Response to look for: This goes back to trying to find people that are excited to be a part of your brand’s success. You’re essentially trying to build a cult. Is this person a die-hard fan? A potential new cult member? People who work hard for the love of the brand, are naturally team players and great employees.
10. Name one small thing you do for account executives to make the sales easier to close?
If you are an SDR, your job is not only to book appointments. As we mentioned above, you are a team player who must help the account executives close deals.
What personal touches do you add to the sales process to make it easier for the account executives? Some SDR’s might be good at getting the appointment, but not at helping the account executive close the deal. Better to have one grand slam appointment per day than five strikeout leads.
Response to look for: Anything from preparing a brief of the prospects’ pain points, to identifying other key decision makers that need to be won over during the sale. Listen for intelligent, well-thought-out responses for this question.
11. What the most recent thing you’ve learned about selling?
If the last thing someone learned about sales was from reading Death of A Salesman, you might be in trouble.
You want to hire people that are constantly learning and improving themselves. People who don’t spend the time to learn, don’t have the mindset to improve their sales career.
Response to look for: If they answer with tribal knowledge they learned at their last gig – that’s O.K (assuming it’s good information). However, you want to hear a list of books or blogs they rave about. Their passion for those publications should shine through on this question.
12. If you could change one thing about your sales process what would it be?
No one is perfect. If a prospective employee does tell you they are perfect, run. Do not walk, but run to the nearest exit.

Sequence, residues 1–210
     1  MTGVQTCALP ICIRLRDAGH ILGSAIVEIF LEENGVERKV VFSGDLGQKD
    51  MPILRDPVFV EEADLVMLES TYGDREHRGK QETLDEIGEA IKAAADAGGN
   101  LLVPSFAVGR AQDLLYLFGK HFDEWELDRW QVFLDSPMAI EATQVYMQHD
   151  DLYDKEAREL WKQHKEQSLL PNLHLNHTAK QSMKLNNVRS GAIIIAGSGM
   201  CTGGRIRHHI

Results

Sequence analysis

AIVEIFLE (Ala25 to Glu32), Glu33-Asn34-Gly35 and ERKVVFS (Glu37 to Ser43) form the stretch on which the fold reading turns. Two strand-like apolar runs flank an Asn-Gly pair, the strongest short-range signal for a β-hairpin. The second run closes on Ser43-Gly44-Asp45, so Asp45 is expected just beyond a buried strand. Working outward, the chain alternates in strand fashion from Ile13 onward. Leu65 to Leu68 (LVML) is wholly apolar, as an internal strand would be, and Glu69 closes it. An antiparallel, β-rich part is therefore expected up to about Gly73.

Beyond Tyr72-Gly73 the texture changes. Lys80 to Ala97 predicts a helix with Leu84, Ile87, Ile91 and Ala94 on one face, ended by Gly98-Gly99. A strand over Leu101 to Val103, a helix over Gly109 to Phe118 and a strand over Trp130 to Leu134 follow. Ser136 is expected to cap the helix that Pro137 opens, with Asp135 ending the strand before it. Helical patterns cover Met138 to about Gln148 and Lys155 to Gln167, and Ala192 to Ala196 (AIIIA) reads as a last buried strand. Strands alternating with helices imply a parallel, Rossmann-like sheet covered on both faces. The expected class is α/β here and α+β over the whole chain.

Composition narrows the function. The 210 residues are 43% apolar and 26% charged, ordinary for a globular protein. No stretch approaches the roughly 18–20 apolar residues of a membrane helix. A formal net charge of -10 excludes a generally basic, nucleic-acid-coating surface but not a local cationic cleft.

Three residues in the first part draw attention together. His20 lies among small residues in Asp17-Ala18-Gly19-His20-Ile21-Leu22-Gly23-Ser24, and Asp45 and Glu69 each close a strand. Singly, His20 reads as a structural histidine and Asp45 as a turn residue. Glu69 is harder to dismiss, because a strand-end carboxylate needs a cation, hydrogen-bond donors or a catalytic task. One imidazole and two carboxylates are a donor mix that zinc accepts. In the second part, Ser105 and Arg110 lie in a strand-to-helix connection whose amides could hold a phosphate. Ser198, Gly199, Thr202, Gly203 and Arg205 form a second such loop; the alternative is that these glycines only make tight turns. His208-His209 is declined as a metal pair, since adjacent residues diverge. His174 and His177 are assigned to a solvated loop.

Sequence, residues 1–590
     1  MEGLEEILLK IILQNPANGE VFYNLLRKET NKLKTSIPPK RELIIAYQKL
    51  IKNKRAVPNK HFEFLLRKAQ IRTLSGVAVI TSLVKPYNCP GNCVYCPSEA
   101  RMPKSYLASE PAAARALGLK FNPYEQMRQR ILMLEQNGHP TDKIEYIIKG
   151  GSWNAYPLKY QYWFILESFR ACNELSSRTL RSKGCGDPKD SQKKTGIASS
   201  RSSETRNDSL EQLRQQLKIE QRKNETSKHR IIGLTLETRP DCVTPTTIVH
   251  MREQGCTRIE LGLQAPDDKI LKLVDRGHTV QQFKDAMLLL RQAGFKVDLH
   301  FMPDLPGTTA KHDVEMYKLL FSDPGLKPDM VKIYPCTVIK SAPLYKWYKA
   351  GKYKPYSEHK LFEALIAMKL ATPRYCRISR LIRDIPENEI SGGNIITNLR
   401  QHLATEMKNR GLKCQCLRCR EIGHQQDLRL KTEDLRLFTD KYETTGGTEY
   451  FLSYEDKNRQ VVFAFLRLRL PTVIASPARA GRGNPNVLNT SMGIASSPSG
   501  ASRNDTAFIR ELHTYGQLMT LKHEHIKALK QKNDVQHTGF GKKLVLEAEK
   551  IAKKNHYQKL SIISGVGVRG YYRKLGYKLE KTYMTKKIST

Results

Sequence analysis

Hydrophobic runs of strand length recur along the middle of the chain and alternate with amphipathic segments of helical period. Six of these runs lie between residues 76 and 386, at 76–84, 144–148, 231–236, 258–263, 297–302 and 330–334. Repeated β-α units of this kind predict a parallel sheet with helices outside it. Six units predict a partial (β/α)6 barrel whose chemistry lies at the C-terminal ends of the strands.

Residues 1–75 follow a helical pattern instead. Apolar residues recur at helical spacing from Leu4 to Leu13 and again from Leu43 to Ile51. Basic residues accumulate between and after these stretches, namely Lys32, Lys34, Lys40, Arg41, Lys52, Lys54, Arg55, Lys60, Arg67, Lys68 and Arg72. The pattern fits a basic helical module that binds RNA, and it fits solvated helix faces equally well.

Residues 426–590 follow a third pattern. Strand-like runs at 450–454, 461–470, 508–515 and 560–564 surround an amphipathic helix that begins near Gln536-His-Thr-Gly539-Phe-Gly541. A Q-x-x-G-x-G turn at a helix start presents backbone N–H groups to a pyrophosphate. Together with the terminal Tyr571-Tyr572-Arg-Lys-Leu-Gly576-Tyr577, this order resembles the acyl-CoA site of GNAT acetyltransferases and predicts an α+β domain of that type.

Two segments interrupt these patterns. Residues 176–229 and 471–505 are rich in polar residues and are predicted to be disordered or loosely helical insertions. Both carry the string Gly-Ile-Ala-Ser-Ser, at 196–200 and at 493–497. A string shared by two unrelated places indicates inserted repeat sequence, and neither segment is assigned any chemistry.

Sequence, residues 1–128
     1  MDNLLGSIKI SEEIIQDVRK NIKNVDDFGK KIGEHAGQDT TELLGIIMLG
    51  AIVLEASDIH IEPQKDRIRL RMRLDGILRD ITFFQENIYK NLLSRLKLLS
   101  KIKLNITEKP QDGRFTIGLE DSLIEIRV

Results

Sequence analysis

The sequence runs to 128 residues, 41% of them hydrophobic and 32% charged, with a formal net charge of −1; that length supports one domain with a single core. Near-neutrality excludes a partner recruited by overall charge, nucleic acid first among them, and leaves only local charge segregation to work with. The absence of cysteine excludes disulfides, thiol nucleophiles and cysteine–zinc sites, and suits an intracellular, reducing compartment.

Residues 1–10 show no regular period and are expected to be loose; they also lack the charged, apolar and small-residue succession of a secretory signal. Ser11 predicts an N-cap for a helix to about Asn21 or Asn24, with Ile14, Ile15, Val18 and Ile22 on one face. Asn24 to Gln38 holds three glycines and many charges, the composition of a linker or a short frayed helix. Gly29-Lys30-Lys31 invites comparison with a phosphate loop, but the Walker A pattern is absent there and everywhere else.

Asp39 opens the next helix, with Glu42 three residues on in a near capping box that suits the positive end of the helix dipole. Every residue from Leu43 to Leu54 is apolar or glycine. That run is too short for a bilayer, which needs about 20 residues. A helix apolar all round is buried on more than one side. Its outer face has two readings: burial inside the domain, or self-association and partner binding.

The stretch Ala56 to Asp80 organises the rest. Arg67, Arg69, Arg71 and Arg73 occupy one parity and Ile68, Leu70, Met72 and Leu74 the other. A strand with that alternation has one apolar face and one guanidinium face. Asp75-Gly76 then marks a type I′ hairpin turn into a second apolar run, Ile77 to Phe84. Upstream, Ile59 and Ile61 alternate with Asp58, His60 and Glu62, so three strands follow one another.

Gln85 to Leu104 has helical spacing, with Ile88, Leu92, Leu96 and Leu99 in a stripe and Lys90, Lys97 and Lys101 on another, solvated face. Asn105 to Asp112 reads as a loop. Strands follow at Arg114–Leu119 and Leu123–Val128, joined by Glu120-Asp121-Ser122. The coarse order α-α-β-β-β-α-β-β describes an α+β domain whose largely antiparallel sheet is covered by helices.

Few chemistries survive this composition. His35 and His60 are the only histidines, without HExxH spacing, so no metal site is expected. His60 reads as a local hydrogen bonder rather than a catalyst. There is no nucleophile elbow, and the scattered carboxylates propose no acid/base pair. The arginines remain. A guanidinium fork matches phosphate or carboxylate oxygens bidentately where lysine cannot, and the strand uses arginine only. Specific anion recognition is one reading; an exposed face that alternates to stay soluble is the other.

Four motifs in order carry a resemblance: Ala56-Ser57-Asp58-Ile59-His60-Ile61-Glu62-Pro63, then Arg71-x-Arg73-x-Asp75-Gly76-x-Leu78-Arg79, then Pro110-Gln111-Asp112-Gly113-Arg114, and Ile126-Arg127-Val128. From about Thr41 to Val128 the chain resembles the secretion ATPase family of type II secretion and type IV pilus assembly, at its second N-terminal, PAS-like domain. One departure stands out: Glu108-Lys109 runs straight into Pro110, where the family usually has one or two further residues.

It’s natural for people to reflect and do a post-mortem on their last gig. They should have some thoughts on how they could have done things differently.
Response to look for: You’re looking for people who want to constantly improve. Every person can be better than yesterday. If they don’t have an answer, it generally means they’re not interested in improving their craft.
13. Why are you leaving your current position?
If you get a long, drawn out funky answer you have a pretty good idea that something is up. If they are concise and confident in their answer, then that’s a great sign.
Response to look for: Again, look for people who aren’t afraid of expressing failures and feel comfortable telling you their story. They could be looking for more pay, a better product or a better culture as well.
14. Can you leave us a voicemail message right now?
When they leave a voicemail, do they clearly say their name? Do they rush the voicemail? Does your SDR slow down when leaving the phone number? How about stating the number twice?
How we leave voicemail messages is indicative of how we talk on the phone. Plus, if you have them call your phone number to leave a message you have a recording of their sales voice to listen to them again before making a final decision.
Response to look for: This is just another sanity check. If they really blow this test, it will just make it easier to narrow down your choices.
15. You’re charged with booking one sales meeting by tomorrow, how do you do it?
It’s crunch time, and you need to get results. What is the secret sales sauce? Is it hard work and persistence? Are you a planner who studies the best way to get the sale closed?
No one has all the right answers, but you need to know what specific actions they take to book that meeting.
Response to look for: A good sales “development” rep will have a well-developed pipeline that should statistically be able to book appointments all the time. It may take time for them to ramp up, but once it’s rolling, they should have sales meetings book every day of the week.
Collected & Edited By : Customer Service HR Strategy Viet Nam